Saturday, March 5, 2011

Northern California Judge Denies Petitions for Habeas Corpus

The Writ of Habeas Corpus is really one of the truly distinguishing features of the common law.  Starting in the Seventeenth Century judges gave themselves the prerogative to order jailers to release the King's subjects or face their own confinement for contempt.  Today, the writ is somewhat different, it protects individuals who 1) are confined by judges who apply rules contrary to the Constitution of the United States as determined by the U.S. Supreme Court or 2) were convicted based on an unreasonable application of the law in light of the evidence.

Habeas is a Hail Mary pass.  In order to give the federal district court jurisdiction to hear the petition, the trial court, and state appellate court must have arrived at a decision contrary to federal law.  Then the prisoner must exhaust his state habeas remedies before the federal court will grant collateral review.  After all that, if there is still a constitutionally deficient mistake, the Federal judge will grant the petition and compel relief.  The vast majority (perhaps 99%) of these petitions fail, but if you had a 1% chance of getting out of prison and no negative consequence for filing, wouldn't you take it?

Alvarez v. McDonald is a petition for habeas corpus on both grounds listed above.  A jury in Santa Clara County convicted the petitioner of raping a woman in front of her children and the trial judge sentenced him to forty-three years in prison.  He now complains that character evidence of his propensity to commit the offense was improperly admitted because several witnesses testified that he beat and raped them in a similar manner.  The U.S. Supreme Court has expressly evaded the question of whether such evidence violates due process:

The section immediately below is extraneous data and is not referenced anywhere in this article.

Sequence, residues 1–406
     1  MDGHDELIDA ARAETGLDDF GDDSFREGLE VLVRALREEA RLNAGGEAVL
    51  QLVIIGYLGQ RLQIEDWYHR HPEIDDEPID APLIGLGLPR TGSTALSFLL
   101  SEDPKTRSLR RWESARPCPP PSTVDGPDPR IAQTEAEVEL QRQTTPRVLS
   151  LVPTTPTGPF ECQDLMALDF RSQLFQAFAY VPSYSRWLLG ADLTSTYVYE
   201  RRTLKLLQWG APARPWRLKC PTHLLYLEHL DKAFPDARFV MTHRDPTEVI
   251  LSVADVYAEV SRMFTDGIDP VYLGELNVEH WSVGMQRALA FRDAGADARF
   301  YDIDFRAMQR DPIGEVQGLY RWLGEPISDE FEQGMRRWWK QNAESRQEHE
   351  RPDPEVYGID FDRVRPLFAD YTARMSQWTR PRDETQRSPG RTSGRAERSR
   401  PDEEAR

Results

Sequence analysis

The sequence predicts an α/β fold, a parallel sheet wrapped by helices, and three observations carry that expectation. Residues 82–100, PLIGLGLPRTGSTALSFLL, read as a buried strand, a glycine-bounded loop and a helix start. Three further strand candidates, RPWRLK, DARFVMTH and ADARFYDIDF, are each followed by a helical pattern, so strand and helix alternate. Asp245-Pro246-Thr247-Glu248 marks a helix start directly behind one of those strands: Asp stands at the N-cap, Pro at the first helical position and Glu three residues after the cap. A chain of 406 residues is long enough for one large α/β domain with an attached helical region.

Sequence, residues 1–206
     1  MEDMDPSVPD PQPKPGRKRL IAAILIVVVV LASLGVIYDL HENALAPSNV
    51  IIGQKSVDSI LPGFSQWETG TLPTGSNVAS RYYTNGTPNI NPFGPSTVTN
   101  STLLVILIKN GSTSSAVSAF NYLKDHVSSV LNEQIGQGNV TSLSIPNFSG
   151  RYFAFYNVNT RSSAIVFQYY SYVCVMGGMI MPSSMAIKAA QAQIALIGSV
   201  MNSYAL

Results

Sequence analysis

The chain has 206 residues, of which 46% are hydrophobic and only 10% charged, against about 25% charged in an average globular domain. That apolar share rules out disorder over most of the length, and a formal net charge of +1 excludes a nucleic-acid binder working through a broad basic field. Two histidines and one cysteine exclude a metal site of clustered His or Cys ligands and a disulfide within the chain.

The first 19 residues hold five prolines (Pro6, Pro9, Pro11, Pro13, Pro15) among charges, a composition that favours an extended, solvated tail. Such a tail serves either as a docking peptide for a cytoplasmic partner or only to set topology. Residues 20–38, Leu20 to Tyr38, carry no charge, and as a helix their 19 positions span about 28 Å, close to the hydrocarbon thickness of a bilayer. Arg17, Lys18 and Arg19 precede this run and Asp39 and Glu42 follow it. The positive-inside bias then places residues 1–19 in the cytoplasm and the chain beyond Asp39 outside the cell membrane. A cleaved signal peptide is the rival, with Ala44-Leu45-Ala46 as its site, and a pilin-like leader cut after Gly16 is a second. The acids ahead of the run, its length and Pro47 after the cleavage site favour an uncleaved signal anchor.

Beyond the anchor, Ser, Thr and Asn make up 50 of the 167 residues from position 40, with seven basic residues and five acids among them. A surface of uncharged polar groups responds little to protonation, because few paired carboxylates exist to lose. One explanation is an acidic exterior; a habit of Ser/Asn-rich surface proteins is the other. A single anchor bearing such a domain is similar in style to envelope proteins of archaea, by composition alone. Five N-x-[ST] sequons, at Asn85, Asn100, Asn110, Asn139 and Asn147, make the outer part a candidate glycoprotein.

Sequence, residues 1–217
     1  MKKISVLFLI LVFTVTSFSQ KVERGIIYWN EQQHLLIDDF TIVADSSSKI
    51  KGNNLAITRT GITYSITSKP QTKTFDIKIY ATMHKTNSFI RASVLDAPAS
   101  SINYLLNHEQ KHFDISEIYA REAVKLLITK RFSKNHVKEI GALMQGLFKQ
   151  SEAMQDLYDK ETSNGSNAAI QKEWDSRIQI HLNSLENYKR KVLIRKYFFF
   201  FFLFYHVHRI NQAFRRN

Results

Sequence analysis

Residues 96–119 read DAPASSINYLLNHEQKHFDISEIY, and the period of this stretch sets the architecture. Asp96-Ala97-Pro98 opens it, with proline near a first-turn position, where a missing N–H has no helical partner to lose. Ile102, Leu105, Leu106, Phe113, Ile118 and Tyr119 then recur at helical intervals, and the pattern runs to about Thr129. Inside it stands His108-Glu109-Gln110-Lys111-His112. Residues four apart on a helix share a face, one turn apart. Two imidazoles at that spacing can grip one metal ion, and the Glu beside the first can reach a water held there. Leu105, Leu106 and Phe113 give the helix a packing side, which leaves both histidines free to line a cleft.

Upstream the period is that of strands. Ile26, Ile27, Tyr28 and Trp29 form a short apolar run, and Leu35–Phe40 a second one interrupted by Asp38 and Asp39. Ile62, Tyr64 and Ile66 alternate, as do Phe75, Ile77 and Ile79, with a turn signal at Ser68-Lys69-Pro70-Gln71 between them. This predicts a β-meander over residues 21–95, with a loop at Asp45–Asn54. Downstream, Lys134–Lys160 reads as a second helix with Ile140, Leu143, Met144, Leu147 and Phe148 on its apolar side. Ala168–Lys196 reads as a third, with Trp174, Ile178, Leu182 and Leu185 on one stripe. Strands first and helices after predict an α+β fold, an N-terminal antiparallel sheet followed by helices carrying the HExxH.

Because we need not reach the issue, we express no opinion on whether a state law would violate the Due Process Clause if it permitted the use of "prior crimes" evidence to show propensity to commit a charged crime.
Estelle v. McGuire (U.S. 1991). Therefore the admission of the evidence was not contrary to the Constitution and Judge William H. Alsup denied the petition.

Hughes v. Runnels is a petition for habeas corpus involving a bank robber sentenced to 155 years to life.  Among other things, the petitioner complains about a sentence enhancement for shooting a gun at a fleeing police officer.  This invokes Apprendi v. New Jersey (U.S. 2000):
Petitioner also contends that the jury instructions led to an Apprendi error[]. The Sixth Amendment requires that "[o]ther than the fact of a prior conviction, [1] any fact that [2] increases the penalty for a crime [3] beyond the prescribed statutory maximum [4] must be submitted to a jury, and [5] proved beyond a reasonable doubt.” [Apprendi]. Petitioner’s claim is unavailing because the charges and enhancements were submitted to the jury, which found petitioner guilty beyond a reasonable doubt and that the sentencing enhancements were true.
Therefore, Judge Alsup denied this petition as well.

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